The Opportunity Cost of Complexity: Simple is Still Better

softwaredesignWhen I joined Netezza back in 2006, there was a powerpoint presentation that included a slide that we all came to refer to as “the no slide”.  It listed all of the things that you didn’t need to worry about when you were running a Netezza appliance — indexes, complex partitioning schemes, tablespace sizing and configuration, storage administration, and so on.  Simplicity was always a core goal of engineering Netezza systems, now the IBM PureData System for Analytics.

In fact, it’s really hard to try and apply simplicity after the fact as vendors like Teradata and Oracle have tried to do with their “appliance” offerings.  The inherent complexity of a Teradata system, for example, is entrenched in the core software itself.  Teradata will tell you that having 19 different types of indexes is a good thing, because it lets you tune the system.  Sessions on how best to use Teradata indexes are a common at Teradata user conferences, and there are several expensive books available on the topic as well.

Not only do constructs like indexes add overhead to the system itself (more objects, more storage, more maintenance), but additional complexity also translates to more DBAs and staff required to run the system.  It’s a double edged sword:  you have to do lots of upfront work to get the system running, and then lots of continuing work to keep it happy.

All of this translates to higher cost of ownership, and longer deployment times, which is borne out by the ITG Cost/Benefit Analysis study.   Indeed, consider all of the missed opportunites that complexity leads to.  Some highlights:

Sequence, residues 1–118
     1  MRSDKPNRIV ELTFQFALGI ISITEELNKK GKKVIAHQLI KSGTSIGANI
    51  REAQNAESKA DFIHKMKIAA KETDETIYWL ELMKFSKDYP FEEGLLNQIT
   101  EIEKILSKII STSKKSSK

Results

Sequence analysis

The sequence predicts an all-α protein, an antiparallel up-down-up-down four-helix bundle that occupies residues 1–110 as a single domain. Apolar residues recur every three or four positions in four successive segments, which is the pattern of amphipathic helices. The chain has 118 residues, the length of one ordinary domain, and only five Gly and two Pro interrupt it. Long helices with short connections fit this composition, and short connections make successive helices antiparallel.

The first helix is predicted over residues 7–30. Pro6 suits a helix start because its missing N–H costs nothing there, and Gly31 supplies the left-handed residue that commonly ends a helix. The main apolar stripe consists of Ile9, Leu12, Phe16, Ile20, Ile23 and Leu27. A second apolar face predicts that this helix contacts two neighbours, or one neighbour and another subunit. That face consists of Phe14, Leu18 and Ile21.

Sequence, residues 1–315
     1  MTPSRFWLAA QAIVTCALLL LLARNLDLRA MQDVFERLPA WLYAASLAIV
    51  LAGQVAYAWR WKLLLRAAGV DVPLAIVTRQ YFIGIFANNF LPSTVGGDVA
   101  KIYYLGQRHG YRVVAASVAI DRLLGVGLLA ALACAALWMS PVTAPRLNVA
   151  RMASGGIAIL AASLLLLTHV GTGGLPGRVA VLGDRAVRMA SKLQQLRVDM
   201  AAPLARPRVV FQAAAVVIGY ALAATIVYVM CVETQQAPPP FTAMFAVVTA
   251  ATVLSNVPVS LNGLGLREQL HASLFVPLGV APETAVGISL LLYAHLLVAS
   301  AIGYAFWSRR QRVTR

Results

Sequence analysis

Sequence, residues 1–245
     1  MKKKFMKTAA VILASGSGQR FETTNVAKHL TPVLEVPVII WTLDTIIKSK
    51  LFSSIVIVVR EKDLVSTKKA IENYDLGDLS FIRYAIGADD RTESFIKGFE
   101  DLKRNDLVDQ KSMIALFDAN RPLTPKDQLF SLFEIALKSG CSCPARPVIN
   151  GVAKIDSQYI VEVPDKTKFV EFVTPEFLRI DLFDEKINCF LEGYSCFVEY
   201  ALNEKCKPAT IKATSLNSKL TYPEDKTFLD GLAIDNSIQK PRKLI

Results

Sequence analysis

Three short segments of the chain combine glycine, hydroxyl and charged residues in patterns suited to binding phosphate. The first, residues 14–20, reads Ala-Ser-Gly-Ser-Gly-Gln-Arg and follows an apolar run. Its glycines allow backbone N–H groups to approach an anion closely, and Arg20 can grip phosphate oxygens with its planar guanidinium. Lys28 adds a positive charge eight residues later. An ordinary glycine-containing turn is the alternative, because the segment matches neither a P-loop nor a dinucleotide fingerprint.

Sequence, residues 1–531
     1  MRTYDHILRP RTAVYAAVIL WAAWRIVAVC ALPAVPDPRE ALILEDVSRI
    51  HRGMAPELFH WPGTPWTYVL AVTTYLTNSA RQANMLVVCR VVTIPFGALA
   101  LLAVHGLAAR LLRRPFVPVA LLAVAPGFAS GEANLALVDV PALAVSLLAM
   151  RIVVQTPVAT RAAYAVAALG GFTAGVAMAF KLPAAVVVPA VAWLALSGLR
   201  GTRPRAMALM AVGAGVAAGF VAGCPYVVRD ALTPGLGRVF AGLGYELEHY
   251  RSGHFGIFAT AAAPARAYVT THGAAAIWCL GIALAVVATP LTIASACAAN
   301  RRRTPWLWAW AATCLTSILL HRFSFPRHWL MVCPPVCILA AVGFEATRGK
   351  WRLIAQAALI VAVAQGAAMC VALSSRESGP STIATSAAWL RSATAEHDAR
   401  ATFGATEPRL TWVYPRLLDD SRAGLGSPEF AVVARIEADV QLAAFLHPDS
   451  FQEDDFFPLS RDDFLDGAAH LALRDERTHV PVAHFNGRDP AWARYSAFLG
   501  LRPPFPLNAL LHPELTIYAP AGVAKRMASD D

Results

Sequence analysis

• Three-year costs of ownership for Teradata 2750 systems averaged 1.5 times higher than for PureData System for Analytics equivalents
  • Personnel costs for use of the Teradata 2750 averaged 2.6 times higher than for PureData System for Analytics.
  • Deployment costs, principally for external professional services, averaged 3.8 times higher for Teradata 2750 systems than for use of PureData System for Analytics N200X.

To put it simply (pun intended), simple, easy to use systems = Faster time to value at lower cost.   A well designed system, like the PureData System for Analytics, shouldn’t need to be complex and can provide outstanding performance without added complexity.  So don’t let vendors try and tell you that complexity is a friend because it gives you more control and power… With friends like that, who needs enemies?

One thought on “The Opportunity Cost of Complexity: Simple is Still Better”

  1. I like the post. What about some of the newer databases in the NoSQL area? With the growth of Hadoop, NoSQL, etc…I wonder if we really know the true cost of ownership? I could see hidden costs like departments deploying applications on the wrong database, and then having to re-deploy on a proper one.

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